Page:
__mmask8 escaped = _mm512_cmplt_pd_mask(dists, k4s.dvec);

                iterations = _mm512_mask_add_epi64(iterations, escaped, iterations, k1s.ivec);
                scalarIters++;
                __mmask8 hitMaxIterations = (scalarIters == maxIterations) ? 0xFF : 0;

                allDone = ~escaped | hitMaxIterations;
            }

            intVec8 iters = { .ivec = iterations };
            for (int i = 0; i < 8; i++)
            {
                UInt64  nextIteration = iters.vec [ i ];
                if (nextIteration == maxIterations)
                {
                    *nextPixel = kBlack;
                }
                else
                {
                    *nextPixel = kPalette [ nextIteration % kPaletteSize ];
                }
                nextPixel++;
            }
        }
    }
}

I'm new to Intel SIMD instructions and frankly find them quite confusing. If there are better ways to do any of the above, please let me know. I tried using the fused multiply-add and multiply-add-negate instructions, and they made the code significantly slower than using 2 or 3 separate instructions, unfortunately.

I'm working on macOS using Xcode 10.2.1 using the Intel data types and intrinsics found in <immintrin.h>.

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  • \$\begingroup\$ I've added info about the environment. You mention an MCVE. I'm trying to figure out what more you need. I can show how the x and y coords are set up, if that would be useful. Beyond that, is there anything else you need? \$\endgroup\$ – user1118321 Jun 9 at 21:10
  • \$\begingroup\$ No, that’s sufficient. \$\endgroup\$ – Rob Jun 9 at 21:11
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A couple of thoughts:

  1. You say

    Given that I'm calculating 8 times as many pixels at once, I was hoping for more.

    Yes, simd delivers some pretty spectacular performance improvements when doing vector/matrix operations, but for the Mandelbrot, all you’re doing is elementwise addition and multiplication, so you should see improvements, but nothing approaching 8× for these simple elementwise calculations. In my tests, the simd achieved just about twice the performance of the scalar rendition on both i9 Mac and iPhone Xs Max.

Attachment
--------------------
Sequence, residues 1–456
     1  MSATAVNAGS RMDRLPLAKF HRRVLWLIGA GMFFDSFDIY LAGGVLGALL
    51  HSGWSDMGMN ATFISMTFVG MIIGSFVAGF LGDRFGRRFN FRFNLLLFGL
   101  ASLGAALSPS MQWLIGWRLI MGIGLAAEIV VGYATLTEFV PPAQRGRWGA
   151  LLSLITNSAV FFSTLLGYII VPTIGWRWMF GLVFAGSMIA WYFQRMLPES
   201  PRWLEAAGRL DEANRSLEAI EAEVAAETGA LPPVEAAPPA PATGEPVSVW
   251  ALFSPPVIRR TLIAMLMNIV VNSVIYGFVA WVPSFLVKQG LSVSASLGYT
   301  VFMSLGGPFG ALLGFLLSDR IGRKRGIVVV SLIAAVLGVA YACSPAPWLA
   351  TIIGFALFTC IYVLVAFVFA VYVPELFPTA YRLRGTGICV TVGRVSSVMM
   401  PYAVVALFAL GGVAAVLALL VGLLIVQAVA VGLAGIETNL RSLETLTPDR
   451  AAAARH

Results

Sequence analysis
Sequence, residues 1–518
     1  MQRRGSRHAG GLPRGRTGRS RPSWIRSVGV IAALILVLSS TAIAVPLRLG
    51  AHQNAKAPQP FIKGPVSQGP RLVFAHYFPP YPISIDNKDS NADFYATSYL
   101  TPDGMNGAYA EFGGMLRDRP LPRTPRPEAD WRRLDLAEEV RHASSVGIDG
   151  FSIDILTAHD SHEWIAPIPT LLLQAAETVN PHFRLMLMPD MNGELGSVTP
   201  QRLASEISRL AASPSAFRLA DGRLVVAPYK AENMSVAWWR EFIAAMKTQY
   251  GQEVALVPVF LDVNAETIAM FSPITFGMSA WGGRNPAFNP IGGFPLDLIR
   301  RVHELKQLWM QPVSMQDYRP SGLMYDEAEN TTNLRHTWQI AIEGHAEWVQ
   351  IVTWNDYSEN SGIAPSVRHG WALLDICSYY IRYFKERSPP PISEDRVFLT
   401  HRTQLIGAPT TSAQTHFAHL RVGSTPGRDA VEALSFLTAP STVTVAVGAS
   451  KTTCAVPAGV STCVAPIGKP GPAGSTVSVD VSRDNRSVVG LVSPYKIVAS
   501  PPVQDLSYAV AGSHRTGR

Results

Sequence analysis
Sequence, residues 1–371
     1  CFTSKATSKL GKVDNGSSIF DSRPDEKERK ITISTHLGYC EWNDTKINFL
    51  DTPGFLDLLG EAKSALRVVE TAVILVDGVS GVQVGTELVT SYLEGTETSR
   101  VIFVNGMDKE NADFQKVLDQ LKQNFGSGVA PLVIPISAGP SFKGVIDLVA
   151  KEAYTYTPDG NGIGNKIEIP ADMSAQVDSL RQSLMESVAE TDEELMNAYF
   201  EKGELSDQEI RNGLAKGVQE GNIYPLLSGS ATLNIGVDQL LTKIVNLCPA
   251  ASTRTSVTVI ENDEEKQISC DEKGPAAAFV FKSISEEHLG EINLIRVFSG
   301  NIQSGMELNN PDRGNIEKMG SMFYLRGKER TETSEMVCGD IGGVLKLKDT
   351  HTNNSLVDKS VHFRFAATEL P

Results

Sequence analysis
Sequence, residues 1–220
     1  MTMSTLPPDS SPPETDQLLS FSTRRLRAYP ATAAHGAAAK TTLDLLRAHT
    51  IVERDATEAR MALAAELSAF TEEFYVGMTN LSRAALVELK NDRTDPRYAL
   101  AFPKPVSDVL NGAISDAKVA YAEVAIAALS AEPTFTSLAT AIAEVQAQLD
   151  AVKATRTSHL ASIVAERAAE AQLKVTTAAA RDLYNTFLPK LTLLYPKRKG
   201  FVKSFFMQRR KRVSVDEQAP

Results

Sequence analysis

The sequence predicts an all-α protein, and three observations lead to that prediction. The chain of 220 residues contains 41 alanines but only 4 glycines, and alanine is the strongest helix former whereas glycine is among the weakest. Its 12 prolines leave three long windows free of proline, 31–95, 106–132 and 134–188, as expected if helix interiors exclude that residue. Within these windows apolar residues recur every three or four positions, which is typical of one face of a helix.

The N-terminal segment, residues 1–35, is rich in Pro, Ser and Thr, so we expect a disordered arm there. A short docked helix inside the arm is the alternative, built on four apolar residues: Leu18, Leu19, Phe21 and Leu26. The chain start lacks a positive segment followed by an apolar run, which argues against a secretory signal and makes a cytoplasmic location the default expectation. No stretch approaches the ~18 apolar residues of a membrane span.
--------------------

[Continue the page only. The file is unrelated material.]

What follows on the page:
2. Two algorithmic observations:

    • I notice that you’re squaring as and bs twice, once during the algorithm and again in the escaping test. I’d suggest refactoring this so you use the results of this squaring for both the algorithm and for the escaping test.

    • I notice that you’re doing vector multiplication for 2 in the 2×a×b portion. I used the vector × scalar product rather than the vector elementwise product. That might be a tad faster.

  3. If you’d like to eliminate those unintuitive _mm512_xxx calls, you might consider the simd library, which is part of the Accelerate framework. This is a higher level of abstraction and, especially in Swift, you end up with very natural looking code which is, IMHO, easier to read.

  4. Conceptually, it should be noted that the simd performance gains are going to be offset by those boundary cases where some pixels have escaped and others haven’t, as you’re going to be calculating iterations for all eight pixels in the vector, including those that have already escaped.

    This probably doesn’t have a material impact on the performance, but it’s worth noting, especially if dealing with cases where dealing with intricate portions of the Mandelbrot set (which are the most interesting parts).


For what it’s worth, this is what a Swift simd rendition might look like:

import simd

func calculate(real: simd_double8, imaginary: simd_double8) -> simd_double8 {
    var zReal = real // simd_double8.zero
    var zImaginary = imaginary // simd_double8.zero

    let thresholds = simd_double8(repeating: 4)
    let maxIterations = 10_000.0

    var notEscaped = SIMDMask<SIMD8<Double.SIMDMaskScalar>>(repeating: true)